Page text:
People who live, work, and run businesses in Northern Kentucky and Southwest Ohio sometimes consider themselves to occupy forgotten corners of their states, removed from the legislative action hundreds of miles away in Frankfort and Columbus. But they can get help maneuvering through the sometimes confounding legislative arena from organizations like OneNKY Alliance.

In Northern Kentucky, Finan says, “You can talk all day long about being the stepchild in the Commonwealth, but at the end of the day we have wonderful assets right in our backyard that we are responsible as a community to leverage and to grow. We’re responsible for being the best version of ourselves.”

The life sciences lab concept came about when three key Covington-based companies began brainstorming how to expand momentum in the region’s growing biotech and health care sectors. CTI Clinical Trial and Consulting Services is a 25-year-old contract research organization that manages clinical trials and other research needed to bring new drugs to the market. Its global headquarters is in the RiverCenter II tower on the Covington riverfront, and it employs people in more than 60 countries. Bexion Pharmaceuticals is developing a drug that’s shown promise in destroying brain tumors and other cancers. Gravity Diagnostics started in 2015 as a small lab, then grew fast as it responded to the urgent need for processing COVID-19 tests.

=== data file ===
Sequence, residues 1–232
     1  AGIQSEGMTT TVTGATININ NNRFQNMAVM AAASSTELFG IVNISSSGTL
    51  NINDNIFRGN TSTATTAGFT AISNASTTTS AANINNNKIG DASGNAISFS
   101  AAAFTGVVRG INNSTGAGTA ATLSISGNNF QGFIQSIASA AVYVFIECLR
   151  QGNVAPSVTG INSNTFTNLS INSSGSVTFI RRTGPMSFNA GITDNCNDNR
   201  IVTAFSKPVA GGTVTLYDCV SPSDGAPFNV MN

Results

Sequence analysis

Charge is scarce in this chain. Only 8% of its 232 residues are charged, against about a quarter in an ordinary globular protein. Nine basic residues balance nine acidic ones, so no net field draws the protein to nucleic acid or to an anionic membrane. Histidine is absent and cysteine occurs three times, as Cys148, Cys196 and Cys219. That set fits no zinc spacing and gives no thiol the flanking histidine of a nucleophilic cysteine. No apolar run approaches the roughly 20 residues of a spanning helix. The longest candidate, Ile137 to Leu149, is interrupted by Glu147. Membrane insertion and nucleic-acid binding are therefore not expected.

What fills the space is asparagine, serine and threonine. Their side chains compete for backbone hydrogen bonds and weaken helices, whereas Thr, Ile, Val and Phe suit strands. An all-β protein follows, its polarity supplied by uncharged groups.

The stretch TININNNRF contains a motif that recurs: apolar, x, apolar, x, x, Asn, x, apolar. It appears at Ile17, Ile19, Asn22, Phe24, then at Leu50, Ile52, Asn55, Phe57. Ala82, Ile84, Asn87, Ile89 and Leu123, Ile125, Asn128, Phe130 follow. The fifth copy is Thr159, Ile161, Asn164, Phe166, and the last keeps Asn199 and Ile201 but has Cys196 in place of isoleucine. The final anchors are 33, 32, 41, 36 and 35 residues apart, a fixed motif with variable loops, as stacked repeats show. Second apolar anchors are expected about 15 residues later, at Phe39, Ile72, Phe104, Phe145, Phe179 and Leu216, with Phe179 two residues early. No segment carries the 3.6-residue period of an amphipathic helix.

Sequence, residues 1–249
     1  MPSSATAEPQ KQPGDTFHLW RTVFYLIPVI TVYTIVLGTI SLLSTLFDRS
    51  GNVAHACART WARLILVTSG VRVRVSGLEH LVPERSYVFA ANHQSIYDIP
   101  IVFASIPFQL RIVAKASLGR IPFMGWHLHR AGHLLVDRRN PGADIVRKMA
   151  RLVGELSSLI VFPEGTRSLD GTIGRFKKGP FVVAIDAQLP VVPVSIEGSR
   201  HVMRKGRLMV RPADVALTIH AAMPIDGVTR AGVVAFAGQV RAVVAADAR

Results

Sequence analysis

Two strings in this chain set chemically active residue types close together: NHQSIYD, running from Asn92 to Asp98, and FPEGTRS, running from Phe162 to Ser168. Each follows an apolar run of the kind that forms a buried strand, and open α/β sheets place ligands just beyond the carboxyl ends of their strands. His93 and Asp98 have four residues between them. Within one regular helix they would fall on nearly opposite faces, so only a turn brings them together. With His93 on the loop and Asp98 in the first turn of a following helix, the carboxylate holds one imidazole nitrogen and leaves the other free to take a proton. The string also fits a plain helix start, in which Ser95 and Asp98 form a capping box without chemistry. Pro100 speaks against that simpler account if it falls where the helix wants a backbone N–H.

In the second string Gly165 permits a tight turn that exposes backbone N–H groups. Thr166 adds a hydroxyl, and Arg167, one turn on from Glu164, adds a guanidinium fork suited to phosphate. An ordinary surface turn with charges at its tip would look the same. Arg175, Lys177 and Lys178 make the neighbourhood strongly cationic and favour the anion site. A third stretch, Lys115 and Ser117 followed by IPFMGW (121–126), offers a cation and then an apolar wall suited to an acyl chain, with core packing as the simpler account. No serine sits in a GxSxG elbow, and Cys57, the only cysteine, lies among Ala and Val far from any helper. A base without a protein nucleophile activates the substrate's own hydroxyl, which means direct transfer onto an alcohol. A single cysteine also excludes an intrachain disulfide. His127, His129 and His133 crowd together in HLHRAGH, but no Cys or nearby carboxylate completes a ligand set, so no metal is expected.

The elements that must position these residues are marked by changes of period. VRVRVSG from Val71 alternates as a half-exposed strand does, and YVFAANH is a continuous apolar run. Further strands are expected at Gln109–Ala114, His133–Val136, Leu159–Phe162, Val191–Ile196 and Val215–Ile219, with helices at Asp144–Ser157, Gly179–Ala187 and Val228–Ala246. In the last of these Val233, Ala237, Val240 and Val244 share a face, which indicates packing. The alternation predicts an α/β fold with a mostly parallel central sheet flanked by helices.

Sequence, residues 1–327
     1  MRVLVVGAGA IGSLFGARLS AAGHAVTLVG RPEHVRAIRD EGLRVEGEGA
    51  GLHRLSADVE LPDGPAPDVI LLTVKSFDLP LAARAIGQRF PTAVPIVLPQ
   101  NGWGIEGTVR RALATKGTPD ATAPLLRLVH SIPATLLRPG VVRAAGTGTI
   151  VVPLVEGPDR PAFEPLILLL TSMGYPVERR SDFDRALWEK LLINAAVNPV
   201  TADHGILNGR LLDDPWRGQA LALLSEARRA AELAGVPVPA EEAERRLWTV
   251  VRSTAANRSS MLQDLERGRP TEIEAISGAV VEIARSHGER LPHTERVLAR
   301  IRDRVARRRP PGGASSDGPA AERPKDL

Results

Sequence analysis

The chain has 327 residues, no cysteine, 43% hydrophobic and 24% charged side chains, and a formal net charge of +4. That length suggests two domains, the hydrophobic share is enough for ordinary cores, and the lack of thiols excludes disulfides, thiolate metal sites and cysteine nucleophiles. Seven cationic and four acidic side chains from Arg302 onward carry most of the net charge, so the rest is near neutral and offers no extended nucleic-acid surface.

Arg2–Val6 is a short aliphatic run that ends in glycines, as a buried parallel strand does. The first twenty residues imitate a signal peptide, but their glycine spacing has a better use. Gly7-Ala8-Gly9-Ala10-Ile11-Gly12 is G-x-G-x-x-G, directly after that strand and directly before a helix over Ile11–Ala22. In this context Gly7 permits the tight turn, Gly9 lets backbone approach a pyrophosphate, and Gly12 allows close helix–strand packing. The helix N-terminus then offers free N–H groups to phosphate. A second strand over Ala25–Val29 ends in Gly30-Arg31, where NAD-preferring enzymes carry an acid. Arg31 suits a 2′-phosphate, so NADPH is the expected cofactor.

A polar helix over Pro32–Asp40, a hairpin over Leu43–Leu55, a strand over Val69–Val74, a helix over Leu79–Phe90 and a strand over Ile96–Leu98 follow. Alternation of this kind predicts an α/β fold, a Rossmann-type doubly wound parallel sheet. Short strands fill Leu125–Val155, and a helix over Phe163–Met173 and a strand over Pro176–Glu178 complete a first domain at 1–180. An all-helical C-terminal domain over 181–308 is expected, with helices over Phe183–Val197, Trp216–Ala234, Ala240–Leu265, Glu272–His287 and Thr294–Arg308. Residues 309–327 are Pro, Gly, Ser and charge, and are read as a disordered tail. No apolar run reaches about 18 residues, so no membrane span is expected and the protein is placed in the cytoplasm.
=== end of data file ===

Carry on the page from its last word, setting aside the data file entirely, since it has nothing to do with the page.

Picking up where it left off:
A meeting among the three companies in 2021 with Covington Mayor Joe Meyer focused on what was needed to build on the growing energy of the life sciences sector in Covington and the broader region. The group landed on the need for equipped lab space that new and emerging companies could rent, a “wet lab” equipped with plumbing and ventilation for hand-on scientific research that could also serve as a place where scientific minds might meet and collaborate. As discussions evolved, a meeting between Gov. Andy Beshear and CTI Chairman and CEO Tim Schroeder sparked the governor’s interest, and he promised his support.